.....Advertisement.....
.....Advertisement.....

Columns

  • Social Security and Women’s Equality Day

    By Kay Louder

    Social Security District Manager, Gainesville

    August 26 is known as Women’s Equality Day.  On that date in 1920, the 19th Amendment to the U.S. Constitution was signed, giving women the right to vote.

  • Yearling steers go swimming

    Back on the farm at Twentymile Bend things had settled down after a brush by a tropical wave that dumped 12 inches of rain on top of us. 

    But my father, as usual, was thinking up ways to keep my brother Jerry and me busy. We were dreading what he might come up with next, because on a farm there were so many dirty jobs available. 

    I had spent one summer building fence and didn't want to have that ever again. 

  • Conservation Corner: A personal connection with Florida’s water

    By Peggy Herrick

  • Ask a Lawyer: No concealed weapons where alcohol is served

    M. C. of Otter Creek writes, “I went to my favorite local bar the other night to have a few beers and shoot some pool. This one guy who drank too much got a little mean after I beat him for the fifth time and I thought he was going to come after me with his cue stick. I’ve got a concealed weapon permit and I carry a gun wherever I go as a general rule, so I showed him my gun and warned him. Next thing I know, I get thrown out of the bar and the owner tells me I’m lucky he didn’t call the police. Can he do that?

  • Life’s most important ingredient: water

    In the last Conservation Corner titled “A Sustainable Model”, there was laid out a concept to compost the yard waste, dredge spoils and food waste. Upon further research, that concept is just not going to work for Cedar Key for two main reasons.
    First, there is the problem of scale. Our island’s dozen or so restaurants do not produce enough food waste to make the composting of that waste financially feasible. Also, the DEP regulations are intended for much larger operations then what the island’s needs are.

  • Do I have to pay $21,000 for a Medivac ride?

    J.M. of Morriston asks, “My husband, who is in his mid-fifties, had a serious medical incident occur several months ago which required me to call for emergency assistance. When the EMT’s arrived, my husband was unconscious. The EMT’s called for a helicopter but by the time the helicopter got there he had regained consciousness and was able to talk without difficulty. He didn’t think he needed to go in the helicopter to the hospital but they insisted he should do so, especially since it was on its way. The flight to the hospital took less than an hour.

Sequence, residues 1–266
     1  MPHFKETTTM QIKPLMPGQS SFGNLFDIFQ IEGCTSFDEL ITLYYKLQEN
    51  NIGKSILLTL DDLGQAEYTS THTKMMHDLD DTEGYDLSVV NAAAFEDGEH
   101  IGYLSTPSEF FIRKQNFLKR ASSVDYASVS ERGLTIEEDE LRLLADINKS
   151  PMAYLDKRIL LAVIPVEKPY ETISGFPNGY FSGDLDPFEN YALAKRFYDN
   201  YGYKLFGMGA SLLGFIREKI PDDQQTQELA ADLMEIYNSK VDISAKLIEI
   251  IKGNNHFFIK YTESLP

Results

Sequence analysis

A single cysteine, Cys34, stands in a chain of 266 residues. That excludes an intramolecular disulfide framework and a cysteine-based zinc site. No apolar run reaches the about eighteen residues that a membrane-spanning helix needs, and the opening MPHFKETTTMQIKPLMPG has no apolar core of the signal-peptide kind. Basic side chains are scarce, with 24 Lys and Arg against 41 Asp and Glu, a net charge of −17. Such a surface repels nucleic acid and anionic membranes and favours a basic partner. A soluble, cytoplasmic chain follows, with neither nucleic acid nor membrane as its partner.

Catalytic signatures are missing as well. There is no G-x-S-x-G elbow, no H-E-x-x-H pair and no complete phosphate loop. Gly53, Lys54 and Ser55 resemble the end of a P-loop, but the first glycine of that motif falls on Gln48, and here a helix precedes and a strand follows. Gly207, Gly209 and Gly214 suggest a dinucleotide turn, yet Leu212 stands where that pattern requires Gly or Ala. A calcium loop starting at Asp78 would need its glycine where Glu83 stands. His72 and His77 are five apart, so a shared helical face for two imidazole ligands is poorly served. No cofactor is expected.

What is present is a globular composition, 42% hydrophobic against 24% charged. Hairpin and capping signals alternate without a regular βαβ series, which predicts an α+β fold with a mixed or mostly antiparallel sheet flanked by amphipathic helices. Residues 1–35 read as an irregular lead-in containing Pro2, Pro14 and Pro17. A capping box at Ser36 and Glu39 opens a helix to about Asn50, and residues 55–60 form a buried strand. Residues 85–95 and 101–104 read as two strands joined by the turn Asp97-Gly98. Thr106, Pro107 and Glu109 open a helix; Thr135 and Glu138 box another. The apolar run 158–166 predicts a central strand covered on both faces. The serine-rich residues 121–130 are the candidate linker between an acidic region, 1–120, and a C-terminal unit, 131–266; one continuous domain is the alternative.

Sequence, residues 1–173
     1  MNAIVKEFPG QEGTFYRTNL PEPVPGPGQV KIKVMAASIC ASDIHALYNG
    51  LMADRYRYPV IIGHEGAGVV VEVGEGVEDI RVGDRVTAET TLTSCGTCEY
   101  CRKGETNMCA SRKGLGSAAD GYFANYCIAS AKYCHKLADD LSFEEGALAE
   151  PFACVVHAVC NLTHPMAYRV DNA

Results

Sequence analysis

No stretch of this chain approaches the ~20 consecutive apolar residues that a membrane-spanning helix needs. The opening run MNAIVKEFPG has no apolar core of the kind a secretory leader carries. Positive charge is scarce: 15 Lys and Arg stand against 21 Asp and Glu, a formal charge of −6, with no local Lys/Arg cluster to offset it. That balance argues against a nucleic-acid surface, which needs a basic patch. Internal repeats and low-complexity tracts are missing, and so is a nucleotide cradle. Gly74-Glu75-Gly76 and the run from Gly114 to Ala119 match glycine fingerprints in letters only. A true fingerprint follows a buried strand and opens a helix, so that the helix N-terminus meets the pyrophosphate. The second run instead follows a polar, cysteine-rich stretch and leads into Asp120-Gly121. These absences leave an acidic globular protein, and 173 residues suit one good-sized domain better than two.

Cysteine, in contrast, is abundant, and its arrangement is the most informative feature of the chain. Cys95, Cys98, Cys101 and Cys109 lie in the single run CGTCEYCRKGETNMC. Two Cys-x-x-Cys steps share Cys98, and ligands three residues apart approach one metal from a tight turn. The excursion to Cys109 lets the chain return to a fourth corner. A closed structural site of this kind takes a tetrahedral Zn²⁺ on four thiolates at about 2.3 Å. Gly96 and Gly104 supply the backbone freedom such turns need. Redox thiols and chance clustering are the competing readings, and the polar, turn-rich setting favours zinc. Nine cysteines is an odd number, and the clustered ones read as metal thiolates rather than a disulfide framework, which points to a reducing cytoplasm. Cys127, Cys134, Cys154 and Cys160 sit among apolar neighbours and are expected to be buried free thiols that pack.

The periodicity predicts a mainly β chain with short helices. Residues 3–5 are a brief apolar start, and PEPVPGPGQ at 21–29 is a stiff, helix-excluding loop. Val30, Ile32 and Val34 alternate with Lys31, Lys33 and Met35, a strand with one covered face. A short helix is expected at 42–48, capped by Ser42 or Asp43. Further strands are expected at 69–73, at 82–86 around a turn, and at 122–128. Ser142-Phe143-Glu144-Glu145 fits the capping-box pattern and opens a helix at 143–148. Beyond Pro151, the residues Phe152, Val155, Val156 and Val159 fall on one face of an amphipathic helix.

• Composting facility: A sustainable model

    What exactly does sustainable mean? A definition of sustainable is:  capable of being maintained at a steady level without exhausting natural resources or causing severe ecological damage. It encompasses the concept of stewardship and responsible management of resources.

  • Today in Levy County History: Vanishing churches

    In the wooded farmlands west of Williston stands, neglected and forgotten, an abandoned country church. Like a monument to the county’s rich historical past, this church is a silent sentinel and reminder of when our churches were the heart of community life.
    In days gone by, the tiny church houses were the center of life and death, where revivals, baptisms, weddings, Sunday school classes and funerals were held. But all country churches had a common thread, a warm homey feeling about them.

  • Cedar Key: food for thought

    By Eileen Bowers
    I was settin’ at this restaurant
    When the waiter came up and said, “What do you want?”
    I looked at the menu — it looked so nice.
    Till he said, “Let me give you some advice.”
    He said, “Spaghetti and potatoes got too much starch,
    Pork chops and sausage are bad for your heart.
    There’s hormones in chicken and beef and veal,
    Bowl of ravioli is a dead man’s meal.
    Bread’s got preservatives, there’s nitrates in ham,

  • Today in Levy Lounty History: The Spanish moss industry in Florida

    Some people do not care for Spanish moss. However, as early as 1773, the value of the plant was recognized as cattle feed and a cheap packing for crates of fruits and vegetables.
    The processed product also was well adapted for the purpose of stuffing mattresses, chairs, saddles and collars.
    The plant is not a parasite, nor is it a moss. Instead it is a member of the pineapple family and one of the many epiphytes or “air plants” to be found in Florida.